Nucleophile vs Electrophile

Nucleophile: is negative so is attracted to positive parts of molecules
has an electron pair it can donate
example reaction: (OH)-ion added to halogenoalkane, displacing halide ion to for alcohol. 


Electrophile: is positive so is attracted to negative parts of molecules, like a double bond (electron lover)
wants to accept an electron pair 
example reaction: Hydrogen bromide (H is delta +ve due to dipolar bond) added to alkene (with double bond) to form halogenoalkane. 

Substitution Nucleophilic Reactions (SN1/SN2)
All in one place:

I’m trying to read about nucleophilic substitutions but I laugh everytime the phrase “back-side attack” comes up. Which is really, really often.

Why am I a thirteen year old boy?

Organic Chemistry I: Do I substitute the damn thing or eliminate?

Let’s hold hands so I can grab for your wallet and run. But you’re holding my hand. Damn it. Let go.

Let’s step by step this bad boy. Quick Fix #2:

1. Is your leaving group attached to a methyl? If yes, SN2

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2. If not, is the nucleophile a strong base? 

A. If yes, THINK ELIMINATION. THINK PROTONATION OF BETA HYDROGEN. is it a bulky base?

If yes: 

  • E2with the less stable alkene as the major product (anti-Zaitsev) 

If not:

  • Is the leaving group attached to a secondary or tertiary carbon? If yes - > E2, with the more stable being the major product (Zaitsev). 
  • If it’s attached to a primary carbon? Then it’s SN2

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B. If it’s not a strong base, what kind of carbon is the leaving group attached to?

  • If it is a tertiary carbon, then SN1
  • If it’s an unhindered primary or secondary carbon, SN2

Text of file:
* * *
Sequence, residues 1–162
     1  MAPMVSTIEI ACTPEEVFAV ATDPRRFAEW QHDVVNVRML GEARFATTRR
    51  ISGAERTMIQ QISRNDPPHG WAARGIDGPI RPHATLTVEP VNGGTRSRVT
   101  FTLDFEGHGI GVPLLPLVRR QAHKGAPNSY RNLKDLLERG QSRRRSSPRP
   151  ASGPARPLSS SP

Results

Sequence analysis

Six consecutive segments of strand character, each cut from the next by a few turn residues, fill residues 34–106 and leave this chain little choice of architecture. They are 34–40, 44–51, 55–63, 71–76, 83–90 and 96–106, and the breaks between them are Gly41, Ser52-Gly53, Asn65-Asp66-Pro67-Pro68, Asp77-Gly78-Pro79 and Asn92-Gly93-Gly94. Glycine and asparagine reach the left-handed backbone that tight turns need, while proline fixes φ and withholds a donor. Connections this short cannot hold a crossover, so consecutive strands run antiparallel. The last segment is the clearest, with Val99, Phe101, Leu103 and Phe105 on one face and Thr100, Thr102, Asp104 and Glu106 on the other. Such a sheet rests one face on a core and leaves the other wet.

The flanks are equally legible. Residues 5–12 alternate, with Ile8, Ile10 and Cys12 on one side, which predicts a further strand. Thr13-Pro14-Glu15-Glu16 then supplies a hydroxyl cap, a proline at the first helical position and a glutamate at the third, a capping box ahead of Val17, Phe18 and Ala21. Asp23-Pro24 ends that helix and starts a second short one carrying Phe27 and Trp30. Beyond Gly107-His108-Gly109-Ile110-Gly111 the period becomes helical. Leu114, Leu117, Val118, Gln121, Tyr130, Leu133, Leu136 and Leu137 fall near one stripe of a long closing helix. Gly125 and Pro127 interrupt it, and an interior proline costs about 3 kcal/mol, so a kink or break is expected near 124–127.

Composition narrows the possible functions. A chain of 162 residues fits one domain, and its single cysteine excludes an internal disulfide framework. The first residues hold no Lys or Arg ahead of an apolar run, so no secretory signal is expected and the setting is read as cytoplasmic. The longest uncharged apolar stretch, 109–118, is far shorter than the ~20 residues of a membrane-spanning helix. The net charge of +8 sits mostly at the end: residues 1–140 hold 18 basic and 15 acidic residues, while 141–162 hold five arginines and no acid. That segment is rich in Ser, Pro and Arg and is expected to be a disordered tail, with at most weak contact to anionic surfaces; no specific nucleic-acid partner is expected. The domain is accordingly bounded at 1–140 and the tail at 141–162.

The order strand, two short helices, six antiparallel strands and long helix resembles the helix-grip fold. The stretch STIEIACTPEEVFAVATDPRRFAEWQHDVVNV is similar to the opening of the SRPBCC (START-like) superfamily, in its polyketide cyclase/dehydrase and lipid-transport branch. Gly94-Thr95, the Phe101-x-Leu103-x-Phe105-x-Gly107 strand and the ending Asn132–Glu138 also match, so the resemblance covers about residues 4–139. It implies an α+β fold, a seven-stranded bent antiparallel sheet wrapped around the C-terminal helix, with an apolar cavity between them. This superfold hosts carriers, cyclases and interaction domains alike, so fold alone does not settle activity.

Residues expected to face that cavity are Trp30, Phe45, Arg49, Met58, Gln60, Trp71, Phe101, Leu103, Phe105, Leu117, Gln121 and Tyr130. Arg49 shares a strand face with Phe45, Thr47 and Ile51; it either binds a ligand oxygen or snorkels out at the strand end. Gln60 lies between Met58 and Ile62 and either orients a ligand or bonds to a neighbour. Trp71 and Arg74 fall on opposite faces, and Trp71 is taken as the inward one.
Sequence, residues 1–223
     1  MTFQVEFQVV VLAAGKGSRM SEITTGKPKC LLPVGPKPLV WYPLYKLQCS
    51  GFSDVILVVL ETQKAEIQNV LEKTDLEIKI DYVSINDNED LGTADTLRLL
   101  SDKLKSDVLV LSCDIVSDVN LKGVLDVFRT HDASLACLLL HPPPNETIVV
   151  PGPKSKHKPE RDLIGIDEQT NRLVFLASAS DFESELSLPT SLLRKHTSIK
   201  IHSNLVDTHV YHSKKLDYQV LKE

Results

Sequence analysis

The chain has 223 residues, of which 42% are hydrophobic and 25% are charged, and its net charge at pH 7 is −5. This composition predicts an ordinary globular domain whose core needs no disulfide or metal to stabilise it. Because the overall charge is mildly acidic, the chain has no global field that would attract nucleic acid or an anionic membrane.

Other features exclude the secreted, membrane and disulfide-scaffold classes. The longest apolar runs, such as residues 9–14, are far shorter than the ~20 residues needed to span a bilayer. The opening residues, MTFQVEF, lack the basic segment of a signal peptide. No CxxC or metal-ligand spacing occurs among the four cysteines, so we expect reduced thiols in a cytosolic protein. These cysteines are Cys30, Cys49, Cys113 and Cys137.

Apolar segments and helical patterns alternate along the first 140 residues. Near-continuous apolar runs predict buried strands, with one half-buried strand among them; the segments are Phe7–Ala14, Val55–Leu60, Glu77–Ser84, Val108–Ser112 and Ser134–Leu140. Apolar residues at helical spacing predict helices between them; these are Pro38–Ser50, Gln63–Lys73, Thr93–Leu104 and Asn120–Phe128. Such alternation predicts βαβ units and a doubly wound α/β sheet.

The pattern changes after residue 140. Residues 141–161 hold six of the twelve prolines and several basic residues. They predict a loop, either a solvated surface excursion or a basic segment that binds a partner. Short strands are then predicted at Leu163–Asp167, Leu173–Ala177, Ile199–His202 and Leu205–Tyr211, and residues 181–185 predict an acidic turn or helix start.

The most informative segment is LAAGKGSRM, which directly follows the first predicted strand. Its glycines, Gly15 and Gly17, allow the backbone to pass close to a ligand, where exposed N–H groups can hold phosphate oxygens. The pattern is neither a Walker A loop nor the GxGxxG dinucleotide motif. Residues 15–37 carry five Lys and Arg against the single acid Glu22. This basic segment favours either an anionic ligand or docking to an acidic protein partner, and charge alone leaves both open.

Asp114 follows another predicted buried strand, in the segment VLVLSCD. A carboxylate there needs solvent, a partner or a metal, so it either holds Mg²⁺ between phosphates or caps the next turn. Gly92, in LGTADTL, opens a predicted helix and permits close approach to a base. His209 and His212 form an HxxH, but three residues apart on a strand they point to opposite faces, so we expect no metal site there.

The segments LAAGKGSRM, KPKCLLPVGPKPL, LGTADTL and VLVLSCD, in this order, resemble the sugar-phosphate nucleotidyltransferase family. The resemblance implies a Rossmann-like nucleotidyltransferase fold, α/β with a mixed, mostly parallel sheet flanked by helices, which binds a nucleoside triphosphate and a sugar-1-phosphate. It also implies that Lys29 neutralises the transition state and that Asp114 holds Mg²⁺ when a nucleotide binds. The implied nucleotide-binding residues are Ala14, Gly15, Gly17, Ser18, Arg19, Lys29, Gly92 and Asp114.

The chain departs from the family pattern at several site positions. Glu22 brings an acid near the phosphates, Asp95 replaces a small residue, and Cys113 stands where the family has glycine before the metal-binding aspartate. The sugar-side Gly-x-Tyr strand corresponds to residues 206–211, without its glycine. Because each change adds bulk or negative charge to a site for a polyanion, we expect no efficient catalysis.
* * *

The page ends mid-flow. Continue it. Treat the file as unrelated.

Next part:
• If it’s a hindered secondary carbon, or a secondary benzylic or allylic carbon, it can go both ways: 
  • Is there a good nucleophile? If yes -> SN2. If no -> SN1

_________________________________________________________________

Dealing with alcohols

They do shit differently. 

1. Is a HX being used?

If yes, is the leaving group attached to a methyl or primary unhindered carbon? SN2

Primary hindered or secondary unhindered? BOTH SN1 and SN2

Secondary hindered or tertiary? SN1

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2. Is a HCI/ZnCl2 being used?

If yes:

  • Is the leaving group attached to a methyl? If so - SN2; if not, SN1

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3. Is H2SO4 or H3PO4 with heat used?

If yes:

  • Is the leaving group attached to a methyl or primary unhindered? If yes, SN2 (ketone)
  • If not, E1 (alkene) 

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4. Is a strong base used?

LOL THAT JUST MEANS YOU JUST DEPROTONATED YOUR SUBSTRATE. OOPS. 

5. Is a halide used?

LOL NO REACTION

Random thoughts from Organic Chemistry

You know you are getting into your orgo homework when you have to write out the steps of an SN1 reaction and your headings include gems like:

CARBOCATION POWERS ACTIVATE!

OH NO! NUCLEOPHILE ATTACK! TO YOUR BATTLE STATIONS CAROBCATIONS!

THE REVENGE OF THE DEPROTONATION! YOU CAN HAVE OUR CARBOCATION BUT WE SHALL STEAL YOUR PROTON! WHAT ARE YOU GOING TO DO ABOUT IT?

batmandeh said:

Ugh, sorry I can’t be of assistance, but fist bump of solidarity from a fellow libarts jackass who took astronomy.

HIGH FIVE, PAL. we are legion, and we are terrible.

fromtheshoresof said

for organic chemistry you could ask about chair conformations, electrophiles, nucleophiles, or chirality. for biology you could ask about dna replication or protein synthesis?

wwwwwouulllld any one of those single chemistry concepts that mean vague things to me be for any reason excluded from a college midterm? lik just as a matter of teaching a college level syllabus?